If your roof is past its prime, a new one can boost your home’s value and keep your family cool. However, a new roof is a substantial investment that requires planning and budgeting.
We are here to guide you through the process of roof replacement. Before the crew arrives, move outdoor furniture and cover anything that could get smashed by falling debris from the old roof. You’ll be glad you read this!
Replacing a roof is a costly project. It’s one of the most expensive home renovation projects homeowners can take on. But it’s also a critical project that will protect the house from damage and maintain or increase its value when it’s time to sell.
The cost of reroofing depends on the type of roofing materials, the size of the roof, and the geographic location. For example, homes located in Florida or the Pacific Northwest will require roofs that can withstand high winds and temperatures.
Aside from the actual roofing material, other costs homeowners will need to consider include permit fees and removal expenses for the old roof. Then there are the other materials that will go into the new roof, such as underlayment, new flashing, and ridge vents. Any additional skylights or other features will increase the overall price as well. And lastly, disposal fees will be added to remove the old roof and any other debris.
The materials used for a roof replacement can make the project more or less expensive. The type of shingles, alternate roofing materials, and the roofing sheathing will affect the cost of the job. Some of these factors are outside the homeowner’s control, but others can be controlled by making smart choices about the material options and contractors.
Thermoplastic roof membranes have become a very popular alternative to traditional asphalt shingles. This type of roofing is durable, watertight, and offers a variety of benefits for homeowners. It is typically best suited for flat or low-slope roofs.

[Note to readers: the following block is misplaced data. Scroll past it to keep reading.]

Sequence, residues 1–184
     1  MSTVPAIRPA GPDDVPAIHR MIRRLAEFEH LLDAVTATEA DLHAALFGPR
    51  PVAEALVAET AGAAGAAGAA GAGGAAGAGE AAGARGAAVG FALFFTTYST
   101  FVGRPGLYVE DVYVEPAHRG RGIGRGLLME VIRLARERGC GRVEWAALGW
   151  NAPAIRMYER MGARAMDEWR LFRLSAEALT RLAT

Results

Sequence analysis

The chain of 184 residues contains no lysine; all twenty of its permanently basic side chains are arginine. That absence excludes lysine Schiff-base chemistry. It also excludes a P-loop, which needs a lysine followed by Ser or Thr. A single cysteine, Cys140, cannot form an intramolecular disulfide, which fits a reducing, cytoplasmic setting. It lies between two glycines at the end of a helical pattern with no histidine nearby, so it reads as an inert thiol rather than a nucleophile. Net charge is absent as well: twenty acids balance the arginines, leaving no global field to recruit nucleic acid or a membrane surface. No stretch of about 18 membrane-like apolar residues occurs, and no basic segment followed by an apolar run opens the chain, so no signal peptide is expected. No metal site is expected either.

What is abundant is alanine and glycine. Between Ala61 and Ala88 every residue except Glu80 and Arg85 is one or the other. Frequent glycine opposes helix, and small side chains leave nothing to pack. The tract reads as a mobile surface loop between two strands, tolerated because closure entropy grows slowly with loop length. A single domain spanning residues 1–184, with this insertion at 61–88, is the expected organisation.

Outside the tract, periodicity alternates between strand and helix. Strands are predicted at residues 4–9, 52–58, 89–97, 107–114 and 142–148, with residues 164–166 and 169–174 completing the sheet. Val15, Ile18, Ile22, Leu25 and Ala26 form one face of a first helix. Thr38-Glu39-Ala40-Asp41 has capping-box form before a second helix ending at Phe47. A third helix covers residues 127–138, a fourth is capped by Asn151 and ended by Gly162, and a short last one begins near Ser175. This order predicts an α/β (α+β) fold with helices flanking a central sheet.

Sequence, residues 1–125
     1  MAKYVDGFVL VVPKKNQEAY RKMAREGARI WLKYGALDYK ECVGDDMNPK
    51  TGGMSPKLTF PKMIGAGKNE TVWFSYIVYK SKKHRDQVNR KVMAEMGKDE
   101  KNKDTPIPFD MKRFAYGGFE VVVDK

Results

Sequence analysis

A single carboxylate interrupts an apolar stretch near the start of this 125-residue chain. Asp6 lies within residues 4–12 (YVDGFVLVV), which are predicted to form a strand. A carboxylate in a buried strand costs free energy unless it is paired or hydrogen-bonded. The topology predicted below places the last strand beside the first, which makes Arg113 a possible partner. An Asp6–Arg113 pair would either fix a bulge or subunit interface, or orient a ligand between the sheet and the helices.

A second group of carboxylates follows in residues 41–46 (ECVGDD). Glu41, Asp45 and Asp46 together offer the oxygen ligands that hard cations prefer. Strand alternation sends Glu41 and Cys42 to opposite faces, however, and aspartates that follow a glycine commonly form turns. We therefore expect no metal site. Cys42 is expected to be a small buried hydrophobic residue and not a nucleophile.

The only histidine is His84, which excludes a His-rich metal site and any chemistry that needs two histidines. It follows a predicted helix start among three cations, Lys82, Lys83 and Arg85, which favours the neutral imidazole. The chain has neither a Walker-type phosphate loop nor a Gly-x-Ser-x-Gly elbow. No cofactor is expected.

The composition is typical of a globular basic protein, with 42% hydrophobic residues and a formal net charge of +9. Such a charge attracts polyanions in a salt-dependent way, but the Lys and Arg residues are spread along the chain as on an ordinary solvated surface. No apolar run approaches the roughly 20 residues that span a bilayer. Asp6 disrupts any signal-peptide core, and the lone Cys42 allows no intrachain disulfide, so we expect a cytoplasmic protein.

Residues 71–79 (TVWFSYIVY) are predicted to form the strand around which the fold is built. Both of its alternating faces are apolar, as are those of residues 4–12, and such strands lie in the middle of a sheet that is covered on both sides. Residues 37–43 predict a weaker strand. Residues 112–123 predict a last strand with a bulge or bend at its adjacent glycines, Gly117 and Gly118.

Homeowners can find a wide variety of roof materials to choose from. Some of the most popular options include steel shingles that can be fabricated to look like traditional asphalt shingles or wooden shakes. Metal roofs are also very long-lasting, with some manufacturers offering warranties of 30 to 50 years or more. There are also wood shingles and shakes that provide a classic, rustic look and add value to the house.
When you hire a roof replacement contractor, they will set up a job site on your property and cover any items that may be damaged by the debris from the new roof. You’ll need to move things like outdoor furniture, grills, ceramic landscaping features, and pottery plants to keep them safe from falling shingle pieces and other waste materials. You should also park your cars further away from the house or in a garage during this time.
Your roofing contractors will check the sheathing (the wood that supports the roof) and make any needed repairs at this time. They’ll then apply a layer of asphalt roofing paper to the sheathing for additional protection against moisture intrusion. This self-sticking material is then tacked or stapled to the eaves and metal drip edge, along with the valley flashing, skylights, and stack vents.
You can add new ridge vents at this point to increase attic ventilation and help prevent winter ice dams. Depending on your location, you may also want to install ice and water shielding or felt underlayment for added protection.
A warranty is one of the most important parts of a roof replacement. A warranty is an insurance policy against failure and a way to reduce the risk of costly repairs. There are many types of warranties available from different companies, and each is a little different from the others.
Manufacturer warranties are typically offered by shingle or roofing material manufacturers and cover only defects in their products.
Some manufacturer warranties can be transferred to a new homeowner if the house is sold within a certain timeframe. However, the transfer process varies between manufacturers and may have additional fees. Additionally, a transfer may not be possible if the contractor is no longer in business. Some warranties are also limited in duration and scope. For instance, wear and tear is not covered by most warranties, and the warranty holder may require a claim to be submitted within a specific timeframe. Browse the next article.